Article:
Norcod world's first dedicated cod-farming operation with Global GAP Aquaculture Standard certification
“We are very pleased and proud to be the first within our industry to obtain this certification. It demonstrates the clear operational focus we’ve had from the outset on sustainability, and that Norcod is a responsible player in the aquaculture industry,” said Norcod CSO, Hilde Storhaug, in a press release.
Storhaug says the certification process went smoothly and as predicted. The standard covers the entire production chain from broodstock, seedlings and feed suppliers to farming, harvesting and processing – or “feed to fork”.
It lays down strict criteria for legal compliance, employees’ occupational health and safety, animal welfare, food safety and environmental and ecological care. Norcod also underwent the Global GAP Risk Assessment on Social Practice (GRASP), a voluntary part of the certification process applied to assess social risks in primary production and to provide additional transparency to supply chain partners.
In terms of food safety, the aquaculture standard has been successfully assessed against the Global Food Safety Initiative (GFSI) benchmarking requirements and achieved GFSI recognition for scope A2 farming of fish – which is the only aquaculture farming standard to have achieved such recognition.
Storhaug notes the aquaculture industry in Norway is already strictly regulated. “But by certifying our business according to a respected international standard, we further show that Norcod as a company is committed to our employees, ensuring optimal fish welfare and health, and to preserving both the local and global environment,” she said.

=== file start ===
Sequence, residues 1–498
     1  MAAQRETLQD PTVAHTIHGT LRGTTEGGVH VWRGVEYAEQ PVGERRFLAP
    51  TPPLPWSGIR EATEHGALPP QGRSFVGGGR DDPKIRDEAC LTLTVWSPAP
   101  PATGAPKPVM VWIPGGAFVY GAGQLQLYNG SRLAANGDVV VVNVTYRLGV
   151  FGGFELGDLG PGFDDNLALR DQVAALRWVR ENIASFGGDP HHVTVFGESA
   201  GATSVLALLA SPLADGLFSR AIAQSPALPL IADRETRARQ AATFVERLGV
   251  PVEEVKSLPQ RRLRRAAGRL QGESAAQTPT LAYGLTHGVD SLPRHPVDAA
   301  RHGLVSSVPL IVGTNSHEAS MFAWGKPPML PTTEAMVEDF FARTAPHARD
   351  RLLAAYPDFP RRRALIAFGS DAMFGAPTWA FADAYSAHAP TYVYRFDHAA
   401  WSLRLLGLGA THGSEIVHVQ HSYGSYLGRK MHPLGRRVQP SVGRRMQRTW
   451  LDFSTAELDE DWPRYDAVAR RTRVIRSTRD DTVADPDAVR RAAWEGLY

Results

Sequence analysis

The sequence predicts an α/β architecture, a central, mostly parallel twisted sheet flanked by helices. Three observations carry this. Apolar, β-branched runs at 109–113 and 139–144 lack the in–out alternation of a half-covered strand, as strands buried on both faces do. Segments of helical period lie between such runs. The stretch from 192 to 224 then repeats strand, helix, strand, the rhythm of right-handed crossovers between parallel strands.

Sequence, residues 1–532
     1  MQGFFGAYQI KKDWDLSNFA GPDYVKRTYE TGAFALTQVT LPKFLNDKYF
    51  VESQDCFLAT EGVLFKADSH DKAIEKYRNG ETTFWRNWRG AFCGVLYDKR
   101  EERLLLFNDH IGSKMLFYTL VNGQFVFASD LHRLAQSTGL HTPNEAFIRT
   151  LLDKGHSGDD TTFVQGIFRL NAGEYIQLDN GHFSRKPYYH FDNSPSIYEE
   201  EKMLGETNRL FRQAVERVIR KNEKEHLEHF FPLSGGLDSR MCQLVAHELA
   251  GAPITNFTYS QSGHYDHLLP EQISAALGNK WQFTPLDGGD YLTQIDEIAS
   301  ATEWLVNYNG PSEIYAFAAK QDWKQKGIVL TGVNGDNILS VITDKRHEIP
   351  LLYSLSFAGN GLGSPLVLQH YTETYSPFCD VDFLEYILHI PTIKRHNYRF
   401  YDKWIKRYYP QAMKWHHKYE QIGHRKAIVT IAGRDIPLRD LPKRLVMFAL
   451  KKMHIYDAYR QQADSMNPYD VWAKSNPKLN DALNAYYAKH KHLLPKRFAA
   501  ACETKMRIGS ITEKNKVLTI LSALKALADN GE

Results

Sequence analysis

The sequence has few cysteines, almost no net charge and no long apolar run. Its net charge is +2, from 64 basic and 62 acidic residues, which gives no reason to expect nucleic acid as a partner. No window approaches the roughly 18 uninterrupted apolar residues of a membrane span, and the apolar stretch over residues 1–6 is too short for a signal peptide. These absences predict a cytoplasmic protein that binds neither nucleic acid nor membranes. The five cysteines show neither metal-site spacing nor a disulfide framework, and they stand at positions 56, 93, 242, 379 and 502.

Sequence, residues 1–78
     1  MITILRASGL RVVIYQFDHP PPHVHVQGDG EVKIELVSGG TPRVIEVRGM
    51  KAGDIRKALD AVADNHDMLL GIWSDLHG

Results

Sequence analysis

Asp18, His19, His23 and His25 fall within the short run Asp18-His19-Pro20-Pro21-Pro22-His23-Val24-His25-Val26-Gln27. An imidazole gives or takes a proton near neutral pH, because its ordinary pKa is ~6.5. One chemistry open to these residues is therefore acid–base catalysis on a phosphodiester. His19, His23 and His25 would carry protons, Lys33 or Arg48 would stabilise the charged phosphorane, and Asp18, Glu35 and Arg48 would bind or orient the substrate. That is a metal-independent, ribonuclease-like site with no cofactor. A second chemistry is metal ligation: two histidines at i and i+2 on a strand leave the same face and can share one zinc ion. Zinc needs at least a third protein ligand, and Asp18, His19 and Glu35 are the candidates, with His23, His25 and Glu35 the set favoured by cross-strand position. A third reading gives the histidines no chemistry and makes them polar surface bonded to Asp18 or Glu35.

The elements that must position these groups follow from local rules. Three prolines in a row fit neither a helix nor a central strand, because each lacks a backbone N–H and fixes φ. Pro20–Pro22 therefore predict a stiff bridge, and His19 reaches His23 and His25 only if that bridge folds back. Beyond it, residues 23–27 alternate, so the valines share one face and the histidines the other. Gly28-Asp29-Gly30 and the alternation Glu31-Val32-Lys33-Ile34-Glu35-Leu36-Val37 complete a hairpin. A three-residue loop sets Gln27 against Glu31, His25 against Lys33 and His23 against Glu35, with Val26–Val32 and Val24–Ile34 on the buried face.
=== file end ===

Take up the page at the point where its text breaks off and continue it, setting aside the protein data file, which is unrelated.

Storhaug adds that the certification also reflects Norcod’s founding ambition to be part of innovative solutions to address the challenge of how to produce and supply healthy protein to the world’s growing population without adding to the strain on a planet already severely under pressure from factors including high CO2 emissions from land-based animal farming and shrinking available land mass for farming.
“Sustainable aquaculture using modern equipment enables productive use of the ocean without further endangering stocks of wild cod species through overfishing,” she said. Norcod is also deploying electric-powered barges and service boats as part of its strategy to keep emissions to a minimum.
Norcod aims to be a strong driving force for responsible cod farming on an industrial scale. “The next step in terms of certification will be to apply for compliance with ASC [Aquaculture Stewardship Council] standards. Although that is somewhat further ahead in time, and we are still in a process of gradual expansion, we are focused and determined to achieve that goal as well,” said Storhaug.
Norcod CEO Christian Riber commented: “Obtaining this certification is a result of a strong team effort working towards clear sustainability performance goals. It shows that we are practising what we preach, and I congratulate all our personnel for their dedication, especially during the challenging pandemic situation.” ■